1. A fault in the Evaporative Emission Control (EVAP) system can cause fuel to be released along with exhaust fumes. This can lead to low fuel efficiency, decreased engine performance, and an active CEL. 

But what are you supposed to do when the CEL comes on? 
Let’s take a look.

What to Do if the Hyundai Check Engine Light Comes On?

The Check Engine warning light on a Hyundai Elantra or other Hyundai Motor Group vehicle can light up in three ways.

A. Illuminates Under Certain Circumstances 

If the Hyundai Check Engine Light comes on intermittently, note any changes to your vehicle’s performance. This is to give you a heads-up about a potential part failure. You can drive when the light comes on in such situations. However, it’s best to immediately head to the nearest Hyundai service center to prevent further stress on the engine.

B. Steady Yellow Light

A steady yellow or amber engine light indicates an engine problem. It tells you that an issue or fault code needs attention but isn’t fatal (loose gas cap, frayed O2 sensor wires, etc.). It can also mean that you have a service due.

If the engine light glows yellow, drive to a professional mechanic or back home and schedule a mobile mechanic service. A check engine light diagnosis should be done soon to avoid other costly repairs.

C. Red or Flashing Check Engine Light

When you come across a red or flashing check engine light, this means there’s a major underlying issue that needs immediate attention, and you should immediately stop driving. Park in a safe place and call for a tow truck to get your car to the closest Hyundai Service Centre.

Next, let’s see how to reset the CEL once a mechanic resolves the issue.

How to Reset a Hyundai CEL? 

The Hyundai Check Engine Light will automatically shut off once the underlying issue or fault code has been resolved. This can also take over 20 to 40 minutes while driving. However, if you’ve driven for quite some time and the light is still on, you should return to the service center to get the light looked at.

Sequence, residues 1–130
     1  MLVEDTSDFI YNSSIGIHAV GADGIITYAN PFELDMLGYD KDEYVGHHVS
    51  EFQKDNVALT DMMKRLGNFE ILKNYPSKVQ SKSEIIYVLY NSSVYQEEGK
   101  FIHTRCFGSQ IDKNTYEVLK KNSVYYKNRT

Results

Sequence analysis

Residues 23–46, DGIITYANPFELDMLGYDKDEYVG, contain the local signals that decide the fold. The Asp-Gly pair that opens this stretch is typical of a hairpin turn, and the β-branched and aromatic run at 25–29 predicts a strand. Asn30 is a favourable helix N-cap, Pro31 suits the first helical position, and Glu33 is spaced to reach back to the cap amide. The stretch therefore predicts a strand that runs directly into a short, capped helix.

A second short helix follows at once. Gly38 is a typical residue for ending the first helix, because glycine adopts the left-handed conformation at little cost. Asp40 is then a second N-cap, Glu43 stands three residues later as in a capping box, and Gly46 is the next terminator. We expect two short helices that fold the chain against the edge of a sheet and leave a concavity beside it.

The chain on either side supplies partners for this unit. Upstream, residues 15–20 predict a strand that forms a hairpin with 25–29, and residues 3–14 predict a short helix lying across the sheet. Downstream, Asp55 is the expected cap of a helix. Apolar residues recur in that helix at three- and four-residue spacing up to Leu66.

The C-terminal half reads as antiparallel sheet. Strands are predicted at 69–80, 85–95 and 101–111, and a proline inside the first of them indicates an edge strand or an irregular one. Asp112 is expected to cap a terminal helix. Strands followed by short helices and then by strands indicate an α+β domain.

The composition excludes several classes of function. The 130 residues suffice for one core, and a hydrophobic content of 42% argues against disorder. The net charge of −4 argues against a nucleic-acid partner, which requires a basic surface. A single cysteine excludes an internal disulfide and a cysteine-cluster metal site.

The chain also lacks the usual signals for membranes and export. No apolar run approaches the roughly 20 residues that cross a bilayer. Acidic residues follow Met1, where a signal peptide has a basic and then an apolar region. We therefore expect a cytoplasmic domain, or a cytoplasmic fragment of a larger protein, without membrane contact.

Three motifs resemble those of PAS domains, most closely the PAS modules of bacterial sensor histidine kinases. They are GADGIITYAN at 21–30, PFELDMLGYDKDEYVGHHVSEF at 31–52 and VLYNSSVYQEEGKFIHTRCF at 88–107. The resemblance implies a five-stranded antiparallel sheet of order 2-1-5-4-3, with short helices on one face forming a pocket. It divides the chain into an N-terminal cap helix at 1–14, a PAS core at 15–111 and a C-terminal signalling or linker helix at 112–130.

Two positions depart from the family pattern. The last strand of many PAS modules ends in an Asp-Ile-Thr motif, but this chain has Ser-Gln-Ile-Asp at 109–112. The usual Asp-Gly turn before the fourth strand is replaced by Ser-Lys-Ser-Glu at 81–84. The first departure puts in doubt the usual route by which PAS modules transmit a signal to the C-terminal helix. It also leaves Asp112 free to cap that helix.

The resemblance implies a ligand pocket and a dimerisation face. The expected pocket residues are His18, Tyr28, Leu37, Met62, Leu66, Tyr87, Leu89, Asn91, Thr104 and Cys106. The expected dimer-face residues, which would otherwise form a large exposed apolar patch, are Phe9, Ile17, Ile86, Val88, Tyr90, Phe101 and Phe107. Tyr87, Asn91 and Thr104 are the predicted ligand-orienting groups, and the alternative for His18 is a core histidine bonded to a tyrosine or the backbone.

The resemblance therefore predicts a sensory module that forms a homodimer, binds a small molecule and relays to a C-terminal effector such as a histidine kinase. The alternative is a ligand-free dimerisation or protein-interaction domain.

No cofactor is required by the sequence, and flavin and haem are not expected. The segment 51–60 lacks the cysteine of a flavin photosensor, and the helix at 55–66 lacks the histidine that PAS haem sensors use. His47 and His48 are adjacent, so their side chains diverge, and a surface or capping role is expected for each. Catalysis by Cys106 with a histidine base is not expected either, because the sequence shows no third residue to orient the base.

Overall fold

A professional mechanic would use an OBD II scanner tool to recheck for an unresolved engine code in the system. If no other diagnostic trouble code is found, your mechanic will manually turn the engine light off.

Here’s how they’ll do it:

Worried about the Check Engine Light diagnosis cost?
Read on to find out.

How Much Does a Hyundai Check Engine Light Diagnosis Cost?

A Hyundai Check Engine Light diagnosis can cost between $88 to $111 for a Hyundai Elantra or any other Hyundai make — for new vehicles or pre owned vehicles. This is because the Hyundai CEL doesn’t tell you what’s exactly wrong with your car.

Hence, the diagnosis and repair costs could vary depending on the issue. For example, fixing a faulty or loose gas cap would cost less than replacing a bad oxygen sensor or failing catalytic converter. The mechanic would also need to use an OBD II scanner to conduct a full diagnostic check to find the exact trouble code that’s causing it.

Final Thoughts

The Check Engine Light in your Hyundai Vehicle indicates an EVAP system or engine problem, like a worn oxygen sensor, vacuum leak, or faulty catalytic converter. If you see this warning light on your dashboard, it’s best to get it checked out immediately by a professional like AutoNation Mobile Service!

Contact us today for a Check Engine Light diagnosis, and our expert technicians will fix your Hyundai right in your driveway.